God bless the master of this house
The mistress also,
And all the little children
That round the table go.
Old English Christmas rhyme.
Just for fun, I thought I would take you back in time for a glimpse at Christmas in Regency England. These notes are taken from Victorie Count De Soligny LETTERS ON ENGLAND and represent Christmas in London in 1817.
The Count tells us that the arrival of Christmas day is announced by sprigs of evergreens such as laurel, bay, ilex, holly all over the house. Holly is stuck in the windows and over the mantelpieces, and wreaths of them hung against the walls.
And in the kitchen, or the servants' hall, a large bunch of mistletoe is suspended from the ceiling, underneath which the maidens are liable to be kissed, if they are caught by the male part of the household. (At our house, we hang mistletoe in our hallway, and there is much kissing as people enter the house.)
Parties and visiting occurred among in every class of life. On Christmas day gatherings are chiefly confined to the houses of the heads of families, where all the junior and collateral branches are invited, and, occasionally, a few intimate friends, are called upon to join the party.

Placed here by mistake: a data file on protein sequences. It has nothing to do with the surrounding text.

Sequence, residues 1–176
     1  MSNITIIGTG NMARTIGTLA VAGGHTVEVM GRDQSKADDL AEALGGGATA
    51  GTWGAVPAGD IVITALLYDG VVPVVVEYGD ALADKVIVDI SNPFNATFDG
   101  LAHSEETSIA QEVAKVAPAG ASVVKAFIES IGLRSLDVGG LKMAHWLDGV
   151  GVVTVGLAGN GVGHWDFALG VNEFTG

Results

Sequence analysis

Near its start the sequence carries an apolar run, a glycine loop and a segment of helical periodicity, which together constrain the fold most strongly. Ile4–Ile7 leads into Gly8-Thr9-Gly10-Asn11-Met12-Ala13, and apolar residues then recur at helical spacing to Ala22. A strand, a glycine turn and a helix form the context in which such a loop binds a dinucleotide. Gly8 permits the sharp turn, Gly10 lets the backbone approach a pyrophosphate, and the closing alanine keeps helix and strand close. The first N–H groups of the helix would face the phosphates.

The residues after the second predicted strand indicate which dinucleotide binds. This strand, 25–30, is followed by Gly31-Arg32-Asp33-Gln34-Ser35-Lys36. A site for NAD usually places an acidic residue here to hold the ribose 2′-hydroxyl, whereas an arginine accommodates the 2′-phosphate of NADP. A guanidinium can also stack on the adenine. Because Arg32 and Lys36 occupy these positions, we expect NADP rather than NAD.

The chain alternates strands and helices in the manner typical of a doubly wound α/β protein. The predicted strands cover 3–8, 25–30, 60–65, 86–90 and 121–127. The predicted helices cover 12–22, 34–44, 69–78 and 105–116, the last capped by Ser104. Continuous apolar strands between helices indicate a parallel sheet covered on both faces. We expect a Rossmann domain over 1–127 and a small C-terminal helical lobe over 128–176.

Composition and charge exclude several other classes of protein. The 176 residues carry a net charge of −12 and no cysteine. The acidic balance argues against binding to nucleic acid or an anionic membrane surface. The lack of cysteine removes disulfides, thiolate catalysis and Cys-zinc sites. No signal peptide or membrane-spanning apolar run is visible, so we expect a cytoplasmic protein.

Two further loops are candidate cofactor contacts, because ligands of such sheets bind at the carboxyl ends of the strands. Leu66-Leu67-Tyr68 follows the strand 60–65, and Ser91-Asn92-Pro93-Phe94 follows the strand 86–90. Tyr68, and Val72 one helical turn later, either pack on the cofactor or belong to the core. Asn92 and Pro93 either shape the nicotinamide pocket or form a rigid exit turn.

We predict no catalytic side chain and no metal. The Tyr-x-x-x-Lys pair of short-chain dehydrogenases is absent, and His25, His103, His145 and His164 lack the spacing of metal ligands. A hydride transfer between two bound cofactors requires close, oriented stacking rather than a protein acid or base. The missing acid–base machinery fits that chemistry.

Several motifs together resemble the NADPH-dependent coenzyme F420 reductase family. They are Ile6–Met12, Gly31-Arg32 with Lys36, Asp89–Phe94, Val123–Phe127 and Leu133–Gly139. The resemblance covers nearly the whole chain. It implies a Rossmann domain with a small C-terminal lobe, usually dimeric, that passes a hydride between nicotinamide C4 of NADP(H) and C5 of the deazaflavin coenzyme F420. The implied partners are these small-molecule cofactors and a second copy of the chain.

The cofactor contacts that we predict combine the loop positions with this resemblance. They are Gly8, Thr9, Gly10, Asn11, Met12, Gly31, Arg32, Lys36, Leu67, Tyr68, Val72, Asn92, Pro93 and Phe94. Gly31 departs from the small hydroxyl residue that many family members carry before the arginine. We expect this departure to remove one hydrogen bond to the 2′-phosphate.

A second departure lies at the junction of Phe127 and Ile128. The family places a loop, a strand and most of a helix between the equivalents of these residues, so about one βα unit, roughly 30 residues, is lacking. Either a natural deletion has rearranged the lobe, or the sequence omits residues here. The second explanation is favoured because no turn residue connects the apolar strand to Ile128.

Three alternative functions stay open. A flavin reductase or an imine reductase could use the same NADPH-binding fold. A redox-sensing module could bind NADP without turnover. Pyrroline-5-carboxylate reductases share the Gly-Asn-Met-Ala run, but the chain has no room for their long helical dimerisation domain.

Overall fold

Christmas dinner always includes s an enormous piece of roasted beef at the bottom of the table in the first course, an almost equally enormous plum-pudding in the centre in the last course, and a quantity of a certain kind of pastry called mince pies. The latter of these dishes, the mince pies, are never introduced at an English dinner except at this particular period.
After dinner the younger members of the family are admitted into the drawing-room. The elder portion of the company converse, or play at cards, or sit still and look on. The youthful play, or sing, or make up a little dance to the piano; and the children join in such games and sports as lead to comic results; such as forfeits, blind-man's buff, hunt the slipper, the game of the goose, snap dragon, or push pin, and dancing,.—making as much noise, and acting and talking as much nonsense, as they please.
The party breaks up at a rather early hour, on account of the children who are present, and who on this occasion are permitted to remain till the rest of the company retire.
There were a great many more traditions at Christmas, but these were the things that stood out for a Frenchman visiting London during the Regency.
I hope you all have a wonderful Christmas, or an enjoyable holiday season, and wish you all the best for the New Year.